Other Statues

Other depictions of Grant of varying degrees of quality occupy public spaces elsewhere, and not just in the United States.

Tourists from around the world encounter the Grant Monument and Trees in Tokyo's Ueno Park. During his world tour, Grant had an extended, historically significant visit to Japan, and as part of a civic ceremony in Tokyo, planted trees in the park.
A fine plaque was later installed, featuring Grant's visage in relief. It is a distinctive, deeply contemplative portrait, perhaps modeled on Grant's death mask of 1885.

Tourists in Tokyo also encounter a very different representation of Grant - a wax figure in the Tokyo Tower's Guinness World Records Museum.

In Africa, another lesser-known sculpture was located for about a century in Guinea-Bissau. It was commissioned in recognition of President Grant's 1870 arbitration of a heated dispute over the former colony between Portugal and Great Britain. Grant decided in favor of Portugal.

The standing Grant-as-president figure was erected in the main square of the nation's capital city, Bissau, and survived the destruction over the years of many sculptures that to local people, represented the nation's colonial past. That is, until August 2007, when the Grant sculpture disappeared, according to National Public Radio. It was discovered in pieces - for probable use as scrap metal. Such thefts are common in the nation. Local officials have discussed the possibility of reassembling and replacing the statue.

To learn more about the statue and its recent discovery, go to:

Closer to home, other statues are in Bellville, Ohio; Muskegon, Michigan (located in Muskegon's Hackley Park, this standing Grant was a gift of local businessman and philanthropist Charles Hackley); Fort Defiance Park near Cairo, Illinois; and Golden Gate Park in San Francisco. Each has its own aesthetics and history.


To sum up, tastes about aesthetics change over time, compounding the challenge of creating art that is not just compelling upon its unveiling - a supremely difficult task - but also compelling through the years.

Jeffrey Hamilton offered this point, so insightful that it warrants quotation at length: "Public sculpture is and always has been a difficult field of endeavor, and in a constantly changing world, durability, even in bronze or stone, may be one of the most difficult goals to achieve. It seems likely that public sculpture will continue to be called upon in the future to celebrate or memorialize people and events, as well as to create national identities, but the challenges its faces in terms of audience will mostly likely lead to increased engagement with and participation by an increasingly diverse public, rather than the traditional method of seeking to level the differences in a community for the purpose of shaping an all-inclusive identity."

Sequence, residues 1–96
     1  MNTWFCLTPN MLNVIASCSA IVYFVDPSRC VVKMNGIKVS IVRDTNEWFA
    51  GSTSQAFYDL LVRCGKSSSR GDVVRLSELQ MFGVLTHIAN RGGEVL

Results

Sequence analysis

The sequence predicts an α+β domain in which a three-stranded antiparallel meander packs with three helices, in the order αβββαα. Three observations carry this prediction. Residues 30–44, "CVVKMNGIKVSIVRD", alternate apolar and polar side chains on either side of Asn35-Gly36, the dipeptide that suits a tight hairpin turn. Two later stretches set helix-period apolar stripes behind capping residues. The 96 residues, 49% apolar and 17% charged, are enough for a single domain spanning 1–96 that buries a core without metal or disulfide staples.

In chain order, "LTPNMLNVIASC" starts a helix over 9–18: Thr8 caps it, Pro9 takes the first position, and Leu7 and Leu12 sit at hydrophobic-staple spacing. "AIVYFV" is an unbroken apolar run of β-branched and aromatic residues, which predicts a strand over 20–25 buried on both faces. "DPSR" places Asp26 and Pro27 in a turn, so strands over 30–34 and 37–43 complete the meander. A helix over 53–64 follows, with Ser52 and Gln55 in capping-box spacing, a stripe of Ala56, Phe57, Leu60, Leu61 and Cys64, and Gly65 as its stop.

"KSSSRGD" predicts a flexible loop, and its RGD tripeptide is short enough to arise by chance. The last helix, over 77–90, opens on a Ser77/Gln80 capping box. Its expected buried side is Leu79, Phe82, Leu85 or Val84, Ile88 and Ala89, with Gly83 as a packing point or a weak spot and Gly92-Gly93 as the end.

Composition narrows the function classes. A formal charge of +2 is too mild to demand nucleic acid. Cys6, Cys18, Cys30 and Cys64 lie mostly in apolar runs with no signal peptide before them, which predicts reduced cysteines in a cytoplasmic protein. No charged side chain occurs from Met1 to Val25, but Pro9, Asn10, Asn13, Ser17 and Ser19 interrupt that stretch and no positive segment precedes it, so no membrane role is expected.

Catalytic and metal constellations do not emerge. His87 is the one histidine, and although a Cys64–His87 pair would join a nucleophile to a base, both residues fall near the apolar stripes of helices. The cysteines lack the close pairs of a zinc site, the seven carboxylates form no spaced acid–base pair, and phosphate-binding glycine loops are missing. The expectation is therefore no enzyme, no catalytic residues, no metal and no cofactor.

Sculptures of Grant will continue to undergo this process, a topic that Part III will now explore.


Grant In Sculpture Continued



Selected Sources

Bach, Ira J. and Mary Lackritz Gray. A Guide to Chicago's Public Sculpture. Chicago: The University of Chicago Press, 1983.

Fairman, Charles E. Works of Art in the United States Capitol Building. Washington, D.C.: Government Printing Office, 1913.

Gillon, Edmund V. Beaux-Arts Architecture in New York: A Photographic Guide. New York: Dover Publications, 1988.

Goode, James M. The Outdoor Sculpture of Washington, D.C.: A Comprehensive Historical Guide. Smithsonian Institution Press, 1974.

"The Grant Equestrian," The Chicago Tribune, February 6, 1887, p. 16.

"Grant in the Capitol," The Washington Post, August 7, 1894.

"The Grant Monument," St. Louis Globe-Democrat, March 10, 1888. Francis scrapbook, vol. 20, p. 89, Missouri Historical Society.

Hamilton, Jeffrey. "Public Sculpture," in The Encyclopedia of Sculpture, ed. Antonia Bestrom, New York & London: Fitzroy Dearborn, 2004.

Hawkes, Pamela W. "Franklin Simmons, Yankee sculptor in Rome," Antiques July 1985, pp. 125-129.

Montagna, Dennis. "The Ulysses S. Grant Memorial in Washington, D.C.: A Monument for the New Century," Army Times, July 2003.

Morrone, Francis. "The Richest Architecture in Brooklyn," The New York Sun, March 23, 2007.

Proceedings in Congress, On the Occasion of The Reception and Acceptance of the Statue of General Ulysses S. Grant, May 19, 1900. Washington, D.C.: Government Pritning Office, 1901.

Reynolds, Donald Martin. Masters of American Sculpture. New York, London & Paris: Abbeville Press Publishers, 1993.

Richman, Michael. "Ulysses S. Grant," in Philadelphia's Treasures in Bronze and Stone, Fairmount Park Art Association, Philadelphia: Walker & Company, 1976.

Yeakle, M.M. The City of St. Louis of Today: Its Progress and Prospects. St. Louis: J. Osmun Yeakle & Co., 1889.

Special thanks to Dave Joens, Office of the Secretary of State, State of Illinois; Frank Scaturro; Mark Sorensen, Illinois State Archives; Jason D. Stratman, assistant librarian, Missouri History Museum; Barbara A. Wolanin, Ph.D., curator, Office of The Architect of the U.S. Capitol; and the staff of the University of Illinois, Urbana-Champaign, Main and Ricker Architecture and Art libraries.